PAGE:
I have thoughts that I would regard as racist in others.
It is worth remembering that Islam is a religion, not a race.
Somehow we've allowed these primitive, alien and evil beliefs to exist inside 'our' own culture and been frightened to voice our opposition to them, allowing 'diversity' to prosper. It's sickening and it threatens our democracies by corrupting our view of difference and tolerance of others. We mustn't allow this.
How do we balance freedom of religion while protecting the citizenry? That's a tough one, and always has been. The early liberal philosophers (e.g. Locke, Rousseau) spoke about the struggle between human rights and security, so this isn't a new thing.
Do we go beyond punishing actions and legislate against a religion? I don't think that would work, in the US or in the UK. I wish there was an easy answer, but I don't think there is.
The problem with the Left is that they believe in mandating morality and eventually want to forcefully limit the expressiolns of religion.
The evangelical persecution complex is alive and well:
quote:Persecution has an allure for many evangelicals. In the Bible, Christians are promised by Saint Paul that they will suffer for Christ, if they love Him (Second Timothy 3:12). But especially in contemporary America, it is not clear what shape that suffering will take. Narratives of political, cultural, and theological oppression are popular in evangelical communities, but these are sometimes fiction or deeply exaggerated non-fiction—and only rarely accurate. This is problematic: If evangelicals want to have a persuasive voice in a pluralist society, a voice that can defend Christians from serious persecution, then we must be able to discern accurately when we are truly victims of oppression—and when this victimization is only imagined. Why Do Evangelicals Have a Persecution Complex?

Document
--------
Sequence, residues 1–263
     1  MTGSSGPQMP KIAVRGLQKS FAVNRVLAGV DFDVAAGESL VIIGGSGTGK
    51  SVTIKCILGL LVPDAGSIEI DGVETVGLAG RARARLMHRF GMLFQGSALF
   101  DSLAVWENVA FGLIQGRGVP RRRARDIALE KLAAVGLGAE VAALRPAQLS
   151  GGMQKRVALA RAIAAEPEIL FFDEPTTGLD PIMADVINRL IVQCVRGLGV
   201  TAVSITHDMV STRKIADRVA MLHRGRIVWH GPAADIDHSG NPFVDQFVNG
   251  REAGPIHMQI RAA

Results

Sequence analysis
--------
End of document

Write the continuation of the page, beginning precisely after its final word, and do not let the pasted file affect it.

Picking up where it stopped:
I reject that typoe of thinking because i believe that the secular Lefts emphasis on evidence-based thinking, humanistic principles, and freedom from religious expression is itself no better solution and is at its core just as evil.
I guess you forgot that freedom of religious expression is one of the cornerstones of humanistic principles.
Whatever name you give to that feeling, I have it and it's definitely an 'ism'.
I have had that feeling as well, and in my very fallible and emotionally driven human mind it can mix up religion and race. I definitely get where you are coming from. Tribalism, xenophobia, othering . . . it goes by a lot of names.
Some cultures are just wrong. The Islamists who believe people should be killed for drawing cartoons have a culture just as bad as that of the antebellum slave traders (interesting how the only culture that STILL has slavery nowadays is muslim...) or female circumcisionists in Africa.
This isn't meant to excuse anyone from heinous acts, but . . .
We should also keep in mind the crimes the West has visited upon the Islamic world. None of us are innocent or perfect, and no culture is without sin.